I clearly stated that I had just moved here and was only conveying what I had heard thus far.

[edit on 4-1-2010 by alien]



posted on Jan, 4 2010 @ 06:28 PM
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Originally posted by JaxonRoberts
reply to post by Carseller4
 


Maybe you should pay more attention to what someone posts. I clearly stated that I had just moved here and was only conveying what I had heard thus far.

And if you can find a source other than Wiki to support your facts, I will actually take it into consideration.





www.azcentral.com...


Arizona voters like Maricopa County Sheriff Joe Arpaio's approach to his job and disagree with the federal government's immigration-related decisions with the sheriff, according to an Arizona State University and Channel 8 (KAET) poll released Tuesday night. The poll indicates a 61 percent job-approval rating for Arpaio, while 34 percent of voters disapproved, according to a telephone survey of 652 registered voters around the state.



For Arpaio, the poll indicated slightly more support than he enjoyed in the 2008 election, where Arpaio received 55 percent of the vote compared with 42 percent for his opponent, Dan Saban.


His methods are more popular now than when he was elected!





[edit on 4-1-2010 by alien]



posted on Jan, 4 2010 @ 06:55 PM
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off-topic post removed to prevent thread-drift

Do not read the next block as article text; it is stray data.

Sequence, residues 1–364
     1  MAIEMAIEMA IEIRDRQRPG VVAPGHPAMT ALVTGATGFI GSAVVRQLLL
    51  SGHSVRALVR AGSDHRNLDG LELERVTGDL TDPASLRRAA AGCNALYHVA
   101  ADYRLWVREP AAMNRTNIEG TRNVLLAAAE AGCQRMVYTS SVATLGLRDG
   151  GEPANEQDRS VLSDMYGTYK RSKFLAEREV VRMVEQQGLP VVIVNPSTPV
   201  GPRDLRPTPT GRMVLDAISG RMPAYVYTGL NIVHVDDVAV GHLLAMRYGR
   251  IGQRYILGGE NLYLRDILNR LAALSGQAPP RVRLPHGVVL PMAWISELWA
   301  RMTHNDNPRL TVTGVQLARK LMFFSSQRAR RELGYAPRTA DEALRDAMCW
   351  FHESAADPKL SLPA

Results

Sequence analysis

posted on Jan, 4 2010 @ 06:59 PM
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reply to post by Majiq
 


Whether someone is criminally liable for texting information about police depends on the intent they have when they make a text. In order to guild of aiding and abetting a crime, you must have the specific intent to give aid to a particular person or a particular group of people going out to commit a crime.

For example, if you are acting as a lookout for an illegal alien smuggling ring and you text information about the positions of border guards, you are texting with the intent to help a particular smuggling ring. On the other hand, if you are just texting the positions of border guards without the intent to help any particular individual, you are not guilty of aiding and abetting a crime. You do not know if your texts are being used by criminals or innocent citizens who just want to avoid the hassle of brushing up against a zealous border guard.



posted on Jan, 4 2010 @ 07:12 PM
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posted on Jan, 4 2010 @ 07:25 PM
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posted on Jan, 4 2010 @ 07:26 PM
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Originally posted by hotpinkurinalmint
reply to post by Majiq
 


Whether someone is criminally liable for texting information about police depends on the intent they have when they make a text. In order to guild of aiding and abetting a crime, you must have the specific intent to give aid to a particular person or a particular group of people going out to commit a crime.


Right you are, which was my point. This lady is not specifically texting criminals with the sole intent of helping them avoid the police, therefore her actions should not be considered criminal. She admits in the article that some illegals do in fact use her texts to avoid being caught, but that does not make her an accessory to their crime anymore than it does the DJ disclosing the location of speed traps, and road checks in my example.



posted on Jan, 4 2010 @ 07:49 PM
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posted on Jan, 4 2010 @ 07:59 PM